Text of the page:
Is there something specifically pushing you towards using the MS extensions for these things?

Are you planning to actually map all your memory into the first 4GB of address space?

John.

Wait, I just put a few things together. Are you planning to perform a far call to existing, i386-compiled code in the same process? That is not going to work without operating system support, and I strongly doubt that macOS has that support — probably not today, and especially not after i386 support is removed.

Something like an x32 ABI can help if you have the ability to recompile the code and are just concerned about it not being 64-bit-safe or can’t afford the memory overhead of 64-bit pointers, but it won’t let you actually interoperate with i386 code.

John.

Resending to the new mailing list address...

From: Charles Davis <cdavis5x@gmail.com>
Date: Thu, Aug 2, 2018 at 5:59 PM
Subject: 32-bit pointers and calls from 64-bit code
To: Clang Developers List <cfe-dev@cs.uiuc.edu>

Hello,

With Apple's impending 32-bit deprecation, my new employer is having a bit
of an existential crisis. We think we've found a way forward, but we need a
little help from the compiler to accomplish this.

This is a pretty big project to be throwing together like this, but good
luck.

Basically, what we want to do is have code that is technically x86-64 but
that can use 32-bit pointers and that can make calls to 32-bit code.

Sure, this is a relatively well-understood problem. The most well-known
modern example is Linux's support for "x32".

In a separate thread on llvmdev, I asked about LLVM changes we need for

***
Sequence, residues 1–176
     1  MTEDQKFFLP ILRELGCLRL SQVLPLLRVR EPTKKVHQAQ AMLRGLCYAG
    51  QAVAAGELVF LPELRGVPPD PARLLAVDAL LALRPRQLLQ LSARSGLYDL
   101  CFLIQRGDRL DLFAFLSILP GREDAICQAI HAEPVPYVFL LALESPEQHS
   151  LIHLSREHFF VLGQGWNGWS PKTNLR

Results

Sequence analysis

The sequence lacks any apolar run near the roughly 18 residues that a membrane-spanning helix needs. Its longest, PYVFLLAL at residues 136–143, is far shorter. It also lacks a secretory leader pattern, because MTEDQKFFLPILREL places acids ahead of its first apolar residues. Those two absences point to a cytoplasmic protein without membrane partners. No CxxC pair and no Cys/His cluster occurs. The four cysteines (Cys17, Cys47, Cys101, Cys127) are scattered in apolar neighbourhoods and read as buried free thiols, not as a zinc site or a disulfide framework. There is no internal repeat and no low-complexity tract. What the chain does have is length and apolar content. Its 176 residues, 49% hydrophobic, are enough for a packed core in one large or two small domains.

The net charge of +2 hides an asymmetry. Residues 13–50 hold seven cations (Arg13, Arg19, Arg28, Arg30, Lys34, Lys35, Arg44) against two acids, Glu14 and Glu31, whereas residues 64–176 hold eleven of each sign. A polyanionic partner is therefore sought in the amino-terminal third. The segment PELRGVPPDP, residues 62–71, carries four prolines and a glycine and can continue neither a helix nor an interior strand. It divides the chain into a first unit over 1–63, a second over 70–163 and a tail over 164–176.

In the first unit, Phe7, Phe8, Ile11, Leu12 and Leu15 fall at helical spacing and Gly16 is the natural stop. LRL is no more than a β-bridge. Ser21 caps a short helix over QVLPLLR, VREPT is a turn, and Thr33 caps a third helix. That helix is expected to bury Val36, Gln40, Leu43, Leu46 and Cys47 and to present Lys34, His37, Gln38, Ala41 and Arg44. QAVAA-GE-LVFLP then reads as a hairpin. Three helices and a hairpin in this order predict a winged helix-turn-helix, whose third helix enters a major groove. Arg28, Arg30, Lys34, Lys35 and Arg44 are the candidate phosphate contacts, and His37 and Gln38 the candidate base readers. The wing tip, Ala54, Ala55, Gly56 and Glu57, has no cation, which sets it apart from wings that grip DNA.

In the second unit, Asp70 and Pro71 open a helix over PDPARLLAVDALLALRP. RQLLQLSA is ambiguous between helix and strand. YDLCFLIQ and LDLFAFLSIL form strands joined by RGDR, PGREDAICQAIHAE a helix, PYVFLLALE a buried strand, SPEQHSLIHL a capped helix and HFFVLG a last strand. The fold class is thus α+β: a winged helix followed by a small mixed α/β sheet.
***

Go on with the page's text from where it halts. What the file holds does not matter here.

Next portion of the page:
this. Here are the corresponding C language extensions we need:

   - (Possibly) a preprocessor macro to be defined when we're building
   64-bit code to be called by 32-bit code. This code, while still technically
   being 64-bit, needs to look and act like 32-bit code to our clients--so
   we'd like to define __i386__ et al. as though we were building real
   32-bit code.

__i386__ generally means, well, the 32-bit Intel target; muddying this by
pretending that your variant target is i386 seems like a bad decision.
Can you ask your clients to switch to __LP64__ or some other portable
pointer-size macro instead?

   - Microsoft's __ptr32 and __ptr64 keywords--to distinguish 32-bit and
   64-bit pointers.

I don't know if we actually support those keywords, but conceptually
they're just address spaces so it's not a problem.

   - A pragma to choose the default pointer size--with this, we can avoid
   littering our code with lots of __ptr32 keywords.

Doable. You'll want something that works like the ARC auditing pragmas
and tries to force the pragma to stay bounded to a single header, I think.

   - Attributes for various 32-bit calling conventions. We can't use the
   existing ones, because they are defined not to do anything in 64-bit code.
   I'll probably define new ones that are just the old ones suffixed with '32'
   (e.g. __attribute__((cdecl32))).

Why do you want this? You're recompiling all of your code in this new